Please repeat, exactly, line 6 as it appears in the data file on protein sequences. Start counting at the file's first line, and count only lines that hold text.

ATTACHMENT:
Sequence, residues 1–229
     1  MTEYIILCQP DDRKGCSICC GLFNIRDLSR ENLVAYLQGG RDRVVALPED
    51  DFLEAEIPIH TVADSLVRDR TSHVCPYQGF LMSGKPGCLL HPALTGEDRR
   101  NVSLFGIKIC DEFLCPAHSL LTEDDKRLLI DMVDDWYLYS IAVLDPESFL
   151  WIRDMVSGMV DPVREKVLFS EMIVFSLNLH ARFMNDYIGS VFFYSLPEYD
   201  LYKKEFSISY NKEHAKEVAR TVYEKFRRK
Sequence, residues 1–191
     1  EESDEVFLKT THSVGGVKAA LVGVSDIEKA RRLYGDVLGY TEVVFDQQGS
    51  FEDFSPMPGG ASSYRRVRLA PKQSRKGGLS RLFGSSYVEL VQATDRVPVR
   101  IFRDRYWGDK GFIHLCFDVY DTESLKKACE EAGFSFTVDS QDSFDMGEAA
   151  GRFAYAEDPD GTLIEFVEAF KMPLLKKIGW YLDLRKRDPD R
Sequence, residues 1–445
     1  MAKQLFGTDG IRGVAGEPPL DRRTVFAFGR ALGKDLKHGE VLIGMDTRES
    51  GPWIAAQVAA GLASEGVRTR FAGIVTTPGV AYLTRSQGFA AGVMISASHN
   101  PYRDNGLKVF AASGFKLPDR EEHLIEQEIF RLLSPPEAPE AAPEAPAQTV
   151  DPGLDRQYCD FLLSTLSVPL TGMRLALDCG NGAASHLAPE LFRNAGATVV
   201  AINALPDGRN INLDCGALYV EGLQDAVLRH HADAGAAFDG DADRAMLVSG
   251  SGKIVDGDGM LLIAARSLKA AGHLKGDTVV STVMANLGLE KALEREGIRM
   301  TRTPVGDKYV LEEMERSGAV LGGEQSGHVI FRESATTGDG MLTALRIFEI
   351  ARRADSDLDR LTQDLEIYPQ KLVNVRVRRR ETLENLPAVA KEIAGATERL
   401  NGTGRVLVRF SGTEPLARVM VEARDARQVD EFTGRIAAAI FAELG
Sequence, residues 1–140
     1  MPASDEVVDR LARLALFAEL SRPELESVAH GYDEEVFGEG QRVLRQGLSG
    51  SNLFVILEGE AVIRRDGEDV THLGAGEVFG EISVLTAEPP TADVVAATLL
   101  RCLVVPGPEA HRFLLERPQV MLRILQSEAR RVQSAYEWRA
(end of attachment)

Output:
   201  LYKKEFSISY NKEHAKEVAR TVYEKFRRK